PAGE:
The UK Shareholders Association, UKSA, picked up the idea in the early days of their formation in 1993 before the idea was then overwhelmed by the push back on 1p share options. Renamed "Shareholder Committee” the idea faces strong opposition from the existing CEOs and chairman however the promotion by merit was liked by talented directors.

Cevian Capital senior partner Harlan Zimmerman and Mark Goyder of Tomorrow's Company collaborated to produce a report that reintroduced the idea to the UK at a 2010 ICGN Corporate Governance Conference.

As an AGM resolution it requires no changes in the company's articles of association and a standard resolution format was adopted in Sweden that sets out the voluntary selection processes and operations. Sensible rules like only allowing a shareholder to chair the meeting, requiring the Chairman of the Board to invite the shareholders to join, setting out when a member can formally leave the committee (if they no longer have any shares held in that company), only accepting beneficial owner shareholders that volunteers to join and proposing an annual re election at the AGM of members so there is a full shareholders mandate and approval of the individual elected members.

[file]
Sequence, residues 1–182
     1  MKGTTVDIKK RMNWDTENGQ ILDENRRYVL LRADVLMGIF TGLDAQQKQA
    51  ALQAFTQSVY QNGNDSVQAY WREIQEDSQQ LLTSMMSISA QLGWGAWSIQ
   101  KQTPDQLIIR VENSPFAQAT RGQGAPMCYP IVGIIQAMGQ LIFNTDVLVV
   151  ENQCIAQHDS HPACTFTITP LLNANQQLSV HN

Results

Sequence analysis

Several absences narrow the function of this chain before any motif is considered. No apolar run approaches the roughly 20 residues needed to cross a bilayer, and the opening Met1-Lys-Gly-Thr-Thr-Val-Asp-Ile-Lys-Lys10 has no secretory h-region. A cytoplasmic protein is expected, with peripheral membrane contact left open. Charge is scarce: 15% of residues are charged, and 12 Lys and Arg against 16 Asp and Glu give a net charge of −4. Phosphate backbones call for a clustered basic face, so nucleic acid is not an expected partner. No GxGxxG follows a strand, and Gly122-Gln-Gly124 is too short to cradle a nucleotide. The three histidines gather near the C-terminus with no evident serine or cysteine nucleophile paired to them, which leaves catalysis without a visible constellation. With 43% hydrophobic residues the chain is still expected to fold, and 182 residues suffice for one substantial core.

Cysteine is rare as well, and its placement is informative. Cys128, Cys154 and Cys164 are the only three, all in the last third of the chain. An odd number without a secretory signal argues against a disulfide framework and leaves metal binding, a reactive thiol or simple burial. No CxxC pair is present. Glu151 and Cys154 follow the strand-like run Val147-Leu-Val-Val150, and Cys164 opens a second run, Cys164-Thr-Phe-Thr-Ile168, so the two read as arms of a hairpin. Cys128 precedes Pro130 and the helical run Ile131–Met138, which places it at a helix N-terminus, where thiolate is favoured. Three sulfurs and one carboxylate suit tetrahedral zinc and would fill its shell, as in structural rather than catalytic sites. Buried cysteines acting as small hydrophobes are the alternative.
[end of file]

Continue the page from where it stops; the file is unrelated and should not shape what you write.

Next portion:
Typically the largest institutional owners or their fund manager representatives operate a one-year on one year off policy to allow the manager freedom to trade their index tracking portfolio of shares. Pension Fund Trustees reported a significant 0.5% improvement in Fund managers who attended performance. Citation needed.

2011 A founding director Gavin Palmer of ShareSoc reinvigorated the old idea and the Board of ShareSoc produced a policy paper supporting the proposal.